Fact vs. Fiction: Breaking Down the Biggest Ozempic Misconceptions

2023 is the year of Ozempic. The FDA first approved Ozempic, a semaglutide medication from Novo Nordisk, back in 2017, but the drug went mainstream in 2022.1 And by April of 2023 it had reached household recognition status. The court of public opinion regarding Semaglutide remains split, with one camp celebrating its potential to overall health and quality of life, and the other skeptical of expediting the weight loss process. 

It’s safe to assume public interest in semaglutide for weight loss will only increase in the coming months, which means it’s crucial to dispel the false beliefs that are swirling around the edges of cultural conversation on Semaglutide and the new era of weight loss we have entered. 

Before we separate the fact from the fiction, let’s define semaglutide. 

Semaglutide is the generic version of a FDA-approved drug that mimics the digestive hormone GLP-1. As a naturally occurring hormone, GLP-1 is released into the intestines and influences three major components of eating and digestion. 

Appetite  GLP-1 receptors in the hypothalamus suppress appetite. 

Satiety   GLP-1 receptors in the stomach regulate satiety by slowing down digestion.

Blood sugar  GLP-1 receptors in the pancreas promote the production of insulin to regulate blood sugar. 

When semaglutide is injected into the body it boosts the work GLP-1 is already enacting in the brain, stomach, and pancreas. 


Semaglutide can only help people with diabetes.


Semaglutide helps people with diabetes manage their weight and blood sugar, and helps people without diabetes manage their weight. 

Yes, semaglutide was developed, first and foremost, as a tool to help diabetes patients regulate their blood sugar.  However, as more research emerged, the consistent weight management results across for people without diabetes were too consistent and powerful to ignore.2 


Semaglutide always causes gastrointestinal pain.


Semaglutide may cause gastrointestinal discomfort, but this varies from person to person. 

Studies do show that semaglutide may increase the chances of nausea, diarrhea, vomiting, and constipation in comparison to placebo participants.3 But 99.5% of these cases were reported as non-serious and 98% as mild-to-moderate. It’s also necessary to note that uncomfortable GI side effects are typically most prevalent shortly after patients escalate their dosages.


Stopping semaglutide leads to weight gain.


Stopping semaglutide does not always lead to weight gain—especially when patients continue lifestyle modifications. 

Some patients experience rebound weight after stopping Semaglutide.4 Metabolic doctors and researchers note that many patients experience a surge in cravings after stopping medication, because they no longer have the added support of semaglutide in regulating their cravings and appetite. However, lifestyle modifications like exercise and practicing mindfulness while eating can not only help patients maintain their weight, but also improve their relationship with food in general.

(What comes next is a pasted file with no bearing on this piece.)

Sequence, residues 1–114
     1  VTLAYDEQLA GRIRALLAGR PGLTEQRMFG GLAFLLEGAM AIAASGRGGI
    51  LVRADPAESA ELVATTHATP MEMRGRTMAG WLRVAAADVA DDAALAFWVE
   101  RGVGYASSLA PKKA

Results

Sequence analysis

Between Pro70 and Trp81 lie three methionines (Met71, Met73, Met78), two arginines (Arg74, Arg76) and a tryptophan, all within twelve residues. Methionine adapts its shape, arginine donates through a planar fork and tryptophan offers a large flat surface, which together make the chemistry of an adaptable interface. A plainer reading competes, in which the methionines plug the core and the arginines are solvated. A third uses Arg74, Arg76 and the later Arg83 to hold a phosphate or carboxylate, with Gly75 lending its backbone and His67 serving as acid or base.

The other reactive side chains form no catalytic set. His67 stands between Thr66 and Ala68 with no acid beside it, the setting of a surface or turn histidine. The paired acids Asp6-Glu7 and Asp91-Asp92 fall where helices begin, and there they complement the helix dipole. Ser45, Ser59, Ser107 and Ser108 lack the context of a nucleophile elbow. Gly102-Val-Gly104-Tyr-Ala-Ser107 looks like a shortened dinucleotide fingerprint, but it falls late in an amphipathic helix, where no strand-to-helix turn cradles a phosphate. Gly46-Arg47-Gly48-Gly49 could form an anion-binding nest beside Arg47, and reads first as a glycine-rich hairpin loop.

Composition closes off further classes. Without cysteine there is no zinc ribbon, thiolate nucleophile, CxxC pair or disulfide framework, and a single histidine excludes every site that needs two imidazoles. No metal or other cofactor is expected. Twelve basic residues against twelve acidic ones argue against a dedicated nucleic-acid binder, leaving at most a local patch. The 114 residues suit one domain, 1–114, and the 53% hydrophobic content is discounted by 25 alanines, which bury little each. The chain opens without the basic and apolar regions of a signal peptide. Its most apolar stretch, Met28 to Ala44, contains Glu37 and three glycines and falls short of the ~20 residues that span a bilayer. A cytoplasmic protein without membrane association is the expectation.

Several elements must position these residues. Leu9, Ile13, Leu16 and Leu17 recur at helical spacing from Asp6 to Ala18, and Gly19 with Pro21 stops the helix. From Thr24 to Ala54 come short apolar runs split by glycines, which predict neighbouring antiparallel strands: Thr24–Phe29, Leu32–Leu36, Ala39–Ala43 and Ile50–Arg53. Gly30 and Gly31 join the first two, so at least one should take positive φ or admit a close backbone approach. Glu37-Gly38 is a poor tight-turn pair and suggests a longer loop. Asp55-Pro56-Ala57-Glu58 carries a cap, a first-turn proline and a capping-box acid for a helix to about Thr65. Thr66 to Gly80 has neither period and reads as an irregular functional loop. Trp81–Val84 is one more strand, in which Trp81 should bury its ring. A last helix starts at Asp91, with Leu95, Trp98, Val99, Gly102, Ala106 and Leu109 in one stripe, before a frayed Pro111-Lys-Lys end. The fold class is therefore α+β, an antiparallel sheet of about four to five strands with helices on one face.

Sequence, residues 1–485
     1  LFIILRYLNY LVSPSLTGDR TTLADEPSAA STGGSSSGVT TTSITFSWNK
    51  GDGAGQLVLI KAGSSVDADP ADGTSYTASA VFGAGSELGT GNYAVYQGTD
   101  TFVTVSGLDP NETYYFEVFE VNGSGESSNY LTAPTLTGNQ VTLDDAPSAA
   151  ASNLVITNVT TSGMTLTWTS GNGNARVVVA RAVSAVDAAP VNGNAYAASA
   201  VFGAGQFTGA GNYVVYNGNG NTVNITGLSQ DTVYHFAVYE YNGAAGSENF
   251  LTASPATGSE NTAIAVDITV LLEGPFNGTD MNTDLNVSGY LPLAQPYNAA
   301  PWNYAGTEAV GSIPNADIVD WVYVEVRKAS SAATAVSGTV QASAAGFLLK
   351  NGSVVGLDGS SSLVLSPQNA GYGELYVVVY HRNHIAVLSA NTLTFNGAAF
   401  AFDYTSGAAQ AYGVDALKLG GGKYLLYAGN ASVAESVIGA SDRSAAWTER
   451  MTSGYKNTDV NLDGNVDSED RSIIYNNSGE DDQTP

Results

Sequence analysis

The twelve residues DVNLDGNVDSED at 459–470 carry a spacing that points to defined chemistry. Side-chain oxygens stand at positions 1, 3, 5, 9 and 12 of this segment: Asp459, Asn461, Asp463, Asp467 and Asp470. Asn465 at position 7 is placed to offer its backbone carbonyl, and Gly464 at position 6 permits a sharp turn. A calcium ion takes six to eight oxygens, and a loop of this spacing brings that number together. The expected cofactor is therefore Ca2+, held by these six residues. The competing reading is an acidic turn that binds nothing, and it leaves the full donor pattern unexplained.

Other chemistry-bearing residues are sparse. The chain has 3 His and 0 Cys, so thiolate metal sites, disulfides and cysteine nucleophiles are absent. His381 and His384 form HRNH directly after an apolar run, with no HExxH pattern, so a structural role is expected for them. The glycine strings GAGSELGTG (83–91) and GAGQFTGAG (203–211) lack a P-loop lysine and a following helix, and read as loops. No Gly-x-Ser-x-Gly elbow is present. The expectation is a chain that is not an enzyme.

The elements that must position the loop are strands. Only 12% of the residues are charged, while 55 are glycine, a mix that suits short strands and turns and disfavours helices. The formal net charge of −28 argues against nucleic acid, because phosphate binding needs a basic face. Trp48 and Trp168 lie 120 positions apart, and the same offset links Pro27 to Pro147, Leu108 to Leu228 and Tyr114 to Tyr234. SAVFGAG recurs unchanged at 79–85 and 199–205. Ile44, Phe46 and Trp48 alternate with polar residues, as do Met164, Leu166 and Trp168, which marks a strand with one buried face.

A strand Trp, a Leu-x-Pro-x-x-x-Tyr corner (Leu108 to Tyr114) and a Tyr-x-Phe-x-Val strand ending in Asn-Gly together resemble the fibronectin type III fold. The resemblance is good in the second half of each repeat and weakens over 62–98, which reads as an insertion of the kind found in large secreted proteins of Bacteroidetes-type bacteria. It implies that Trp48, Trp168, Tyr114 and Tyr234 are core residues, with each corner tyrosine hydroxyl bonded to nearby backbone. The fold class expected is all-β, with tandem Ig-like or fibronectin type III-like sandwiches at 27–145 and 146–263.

It is unsafe to stay on semaglutide forever. 


More research is needed to determine how optimal long-term usage is. 

There are some debates around the long-term safety of semaglutide use as some studies conducted with rodents have found correlations with thyroid cancer.5 However, more research needs to be conducted to determine whether these risks may also be prevalent in humans. 

Interest in semaglutide and Ozempic for weight loss is not showing any signs of slowing down, and more people are searching for ways to find Ozempic online. As it becomes easier to access GLP-1 medications like Ozempic, Wegovy, and Mounjaro it’s important to remember that taking new medications that can significantly impact your hormones should always be done under the guidance of a doctor. 

Hudson’s Medical Weight Management Program not only includes ongoing medical consultations, but also gives you access to 1:1 sessions with our registered nutritionist to help you implement lifestyle changes that support the effects of Semaglutide. 

Contact concierge@hudson.health today to learn more about our Semaglutide Weight Management program.  


1.“Ozempic (SEMAGLUTIDE) FDA Approval History.” Drugs.com, https://www.drugs.com/history/ozempic.html. 

2. Rubino DM, Greenway FL, Khalid U, et al. Effect of Weekly Subcutaneous Semaglutide vs Daily Liraglutide on Body Weight in Adults With Overweight or Obesity Without Diabetes: The STEP 8 Randomized Clinical Trial. JAMA. 2022;327(2):138–150. doi:10.1001/jama.2021.23619

3.(Wharton, S, Calanna, S, Davies, M, et al. Gastrointestinal tolerability of once-weekly semaglutide 2.4 mg in adults with overweight or obesity, and the relationship between gastrointestinal adverse events and weight loss. Diabetes Obes Metab. 2022; 24( 1): 94- 105. doi:10.1111/dom.14551)

4.Blum, Dani. “Ozempic Can Cause Major Weight Loss. What Happens If You Stop Taking It?” The New York Times, The New York Times, 3 Feb. 2023, https://www.nytimes.com/2023/02/03/well/live/ozempic-wegovy-weight-loss.html. 

5.Smits MM, Van Raalte DH. Safety of Semaglutide. Front Endocrinol (Lausanne). 2021 Jul 7;12:645563. doi: 10.3389/fendo.2021.645563. Erratum in: Front Endocrinol (Lausanne). 2021 Nov 10;12:786732. PMID: 34305810; PMCID: PMC8294388.